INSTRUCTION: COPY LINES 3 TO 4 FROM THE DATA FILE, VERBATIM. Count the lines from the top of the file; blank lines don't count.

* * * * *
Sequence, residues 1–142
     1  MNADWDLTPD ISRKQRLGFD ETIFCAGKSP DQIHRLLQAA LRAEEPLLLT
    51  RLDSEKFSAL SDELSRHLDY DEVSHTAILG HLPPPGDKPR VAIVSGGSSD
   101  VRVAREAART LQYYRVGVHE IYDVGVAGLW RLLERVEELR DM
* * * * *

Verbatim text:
    51  RLDSEKFSAL SDELSRHLDY DEVSHTAILG HLPPPGDKPR VAIVSGGSSD
   101  VRVAREAART LQYYRVGVHE IYDVGVAGLW RLLERVEELR DM